Document cache shows how Halliburton relied on middlemen to win Azerbaijan contracts

By bne IntelliNews May 6, 2016

Foreign energy companies such as US-based Halliburton and its former subsidiary KBR Engineering used the services of a politically-connected businessman to obtain contracts in Azerbaijan, according to an investigation by Australia's Fairfax Media and the Huffington Post.

The investigation relies on a "massive leak" of documents from Monaco-based Unaoil Company and spans several countries, including Azerbaijan, Kazakhstan, Uzbekistan, Turkmenistan, Libya, Syria, Yemen, Kuwait, Iraq and the United Arab Emirates (UAE).

The Azerbaijani oil sector is notoriously opaque, and is dominated by oil major BP, which has been producing and exporting some 80% of the country's oil since it signed a production sharing agreement (PSA) with the Azerbaijani government in 1994. How BP and Azerbaijan's national oil company Socar award contracts for offshore oil and gas services remains a guessing game.

Companies such as Halliburton and KBR Engineering have been awarded contracts worth hundreds of millions of dollars in Azerbaijan over the last decade. Both companies have been repeatedly fined by US authorities for bribing foreign officials.

The document leak focuses on businessman Mohammad Reza Raein, the managing director of Unaoil Azerbaijan, and his ties to the ruling elites in Azerbaijan, such as President Ilham Aliyev, energy minister Natiq Aliyev.

A former New York socialite who was known for his sense of style, Raein reportedly became close to Azerbaijani elites in the 1990s. In a 1999 memo outlining the decision to appoint him and Unaoil as their representative in Azerbaijan, KBR Engineering mentions that he was "very close to the president and his family" and had "access to every office in the country". 

In 2007, however, Raein's connections became a source of concern for KBR Engineering, because of US anti-corruption laws. A memo from 2007, however, claimed that Raein had no "improper influence over officials. Rather, these contacts appear to be the result of familial and business ties developed over time without the benefit of illicit relationships".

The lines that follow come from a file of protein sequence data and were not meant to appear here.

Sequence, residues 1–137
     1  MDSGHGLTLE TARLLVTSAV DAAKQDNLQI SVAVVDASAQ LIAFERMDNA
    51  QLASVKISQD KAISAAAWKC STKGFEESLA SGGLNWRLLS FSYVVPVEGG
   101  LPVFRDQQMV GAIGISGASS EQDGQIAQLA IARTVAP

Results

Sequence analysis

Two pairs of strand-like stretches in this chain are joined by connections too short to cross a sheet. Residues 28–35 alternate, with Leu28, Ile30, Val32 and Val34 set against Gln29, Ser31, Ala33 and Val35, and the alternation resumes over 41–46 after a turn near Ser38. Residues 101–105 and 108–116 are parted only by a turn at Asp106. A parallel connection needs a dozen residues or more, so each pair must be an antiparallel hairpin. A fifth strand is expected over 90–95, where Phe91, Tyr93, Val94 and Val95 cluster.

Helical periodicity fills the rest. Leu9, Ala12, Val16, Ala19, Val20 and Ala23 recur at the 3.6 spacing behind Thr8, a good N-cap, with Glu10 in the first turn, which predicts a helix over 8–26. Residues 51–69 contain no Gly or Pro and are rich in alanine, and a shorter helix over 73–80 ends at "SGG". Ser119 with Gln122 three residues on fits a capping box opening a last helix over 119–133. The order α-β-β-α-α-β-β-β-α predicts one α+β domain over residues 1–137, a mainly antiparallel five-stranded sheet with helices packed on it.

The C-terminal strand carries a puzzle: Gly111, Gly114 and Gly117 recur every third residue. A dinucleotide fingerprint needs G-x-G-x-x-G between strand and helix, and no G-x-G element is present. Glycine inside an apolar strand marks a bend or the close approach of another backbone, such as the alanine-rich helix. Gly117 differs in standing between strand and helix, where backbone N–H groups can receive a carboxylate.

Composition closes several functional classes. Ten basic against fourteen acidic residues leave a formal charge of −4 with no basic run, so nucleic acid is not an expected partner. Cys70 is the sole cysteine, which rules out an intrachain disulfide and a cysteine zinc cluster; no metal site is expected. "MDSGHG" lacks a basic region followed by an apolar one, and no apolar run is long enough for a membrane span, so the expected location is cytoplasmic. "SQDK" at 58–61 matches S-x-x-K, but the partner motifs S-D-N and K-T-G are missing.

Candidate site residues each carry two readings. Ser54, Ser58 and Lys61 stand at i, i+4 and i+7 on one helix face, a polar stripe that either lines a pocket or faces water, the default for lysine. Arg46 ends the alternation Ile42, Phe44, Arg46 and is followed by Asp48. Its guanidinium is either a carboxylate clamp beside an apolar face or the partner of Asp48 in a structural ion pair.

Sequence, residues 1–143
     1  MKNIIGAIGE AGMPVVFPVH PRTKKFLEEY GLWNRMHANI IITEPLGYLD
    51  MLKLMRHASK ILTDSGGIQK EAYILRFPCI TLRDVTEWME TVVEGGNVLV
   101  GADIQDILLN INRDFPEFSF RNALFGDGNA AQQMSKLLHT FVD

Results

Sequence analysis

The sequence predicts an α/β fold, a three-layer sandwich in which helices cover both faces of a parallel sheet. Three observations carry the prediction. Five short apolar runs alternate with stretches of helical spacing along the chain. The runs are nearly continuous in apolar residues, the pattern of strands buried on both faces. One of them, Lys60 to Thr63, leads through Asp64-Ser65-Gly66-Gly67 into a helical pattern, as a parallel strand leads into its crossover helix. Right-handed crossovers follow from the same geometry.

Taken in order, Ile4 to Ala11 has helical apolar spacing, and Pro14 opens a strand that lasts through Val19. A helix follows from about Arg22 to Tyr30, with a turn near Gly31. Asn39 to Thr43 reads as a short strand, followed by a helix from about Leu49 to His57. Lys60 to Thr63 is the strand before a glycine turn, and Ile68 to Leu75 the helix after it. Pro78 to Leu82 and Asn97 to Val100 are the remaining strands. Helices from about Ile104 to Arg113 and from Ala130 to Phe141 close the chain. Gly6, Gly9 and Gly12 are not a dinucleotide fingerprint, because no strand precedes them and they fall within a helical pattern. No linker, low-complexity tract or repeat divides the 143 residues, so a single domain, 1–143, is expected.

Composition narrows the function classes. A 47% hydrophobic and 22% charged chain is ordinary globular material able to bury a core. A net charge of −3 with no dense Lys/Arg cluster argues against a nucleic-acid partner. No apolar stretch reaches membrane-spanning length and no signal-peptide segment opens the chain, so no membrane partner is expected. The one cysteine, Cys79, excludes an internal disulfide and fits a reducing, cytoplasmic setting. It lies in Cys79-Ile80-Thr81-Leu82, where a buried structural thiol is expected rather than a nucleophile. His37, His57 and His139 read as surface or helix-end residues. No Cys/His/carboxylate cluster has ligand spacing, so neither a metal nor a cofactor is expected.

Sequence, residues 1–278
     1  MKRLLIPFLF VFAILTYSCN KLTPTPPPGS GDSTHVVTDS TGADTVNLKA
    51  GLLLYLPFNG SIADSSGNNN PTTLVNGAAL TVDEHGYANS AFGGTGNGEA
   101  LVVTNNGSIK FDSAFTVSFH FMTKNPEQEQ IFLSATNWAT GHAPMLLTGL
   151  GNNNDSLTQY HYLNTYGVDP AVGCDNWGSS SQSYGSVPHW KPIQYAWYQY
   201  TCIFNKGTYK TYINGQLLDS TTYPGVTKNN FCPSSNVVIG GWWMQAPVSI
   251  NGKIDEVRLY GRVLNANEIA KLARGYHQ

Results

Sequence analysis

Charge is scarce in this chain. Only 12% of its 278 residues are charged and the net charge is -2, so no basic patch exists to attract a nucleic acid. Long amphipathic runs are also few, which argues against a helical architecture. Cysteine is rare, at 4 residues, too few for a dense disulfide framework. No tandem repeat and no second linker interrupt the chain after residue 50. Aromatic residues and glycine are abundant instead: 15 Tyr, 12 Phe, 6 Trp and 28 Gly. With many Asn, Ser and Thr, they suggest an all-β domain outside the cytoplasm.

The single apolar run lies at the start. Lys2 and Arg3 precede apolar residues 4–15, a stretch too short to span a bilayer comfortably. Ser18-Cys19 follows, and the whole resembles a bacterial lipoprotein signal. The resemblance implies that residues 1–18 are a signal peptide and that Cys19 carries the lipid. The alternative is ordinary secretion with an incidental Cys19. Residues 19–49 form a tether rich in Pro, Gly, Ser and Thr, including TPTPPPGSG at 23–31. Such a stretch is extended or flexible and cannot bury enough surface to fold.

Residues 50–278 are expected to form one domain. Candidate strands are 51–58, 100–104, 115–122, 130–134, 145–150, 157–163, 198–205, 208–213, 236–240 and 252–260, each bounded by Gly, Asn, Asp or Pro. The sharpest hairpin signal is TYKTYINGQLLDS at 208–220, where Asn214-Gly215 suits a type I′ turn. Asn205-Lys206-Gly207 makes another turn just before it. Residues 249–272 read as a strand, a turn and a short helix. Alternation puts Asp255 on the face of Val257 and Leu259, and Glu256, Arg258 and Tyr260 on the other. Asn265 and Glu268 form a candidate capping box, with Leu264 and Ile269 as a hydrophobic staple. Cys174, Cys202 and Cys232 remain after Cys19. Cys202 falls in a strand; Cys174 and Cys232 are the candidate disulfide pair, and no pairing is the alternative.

Unaoil documents leaked to Huffington Post and Fairfax Media indicate that Raein had obtained confidential information from government sources, including a source named "V1" who worked for Socar. V1 is allegedly Valeh Aleskerov, former deputy speaker of parliament, who is said to have collaborated on Unaoil's projects at least until 2011. There were two other government sources that were leaking information to Unaoil's clients Rolls Royce and KBR through Unaoil and that were coded as V2 and V3 in email exchanges. It is believed that V2 and V3 were senior officials in Socar, possibly vice presidents.

“The other discussions I had were not so important, apart from the fact that V3 seems to be sidelined by V2 who is back in the frame. V3 seems not be able to provide any help at all since V2 came back to Socar !!!!!!!!” Unaoil executive Peter Willimont wrote in a 2006 email. “V1 still has his job in Socar [Azerbaijan oil company], but as you are aware has been elected (if you can call it that) to Parliament and is Deputy Speaker, with special responsibility for Ecology,” another email said.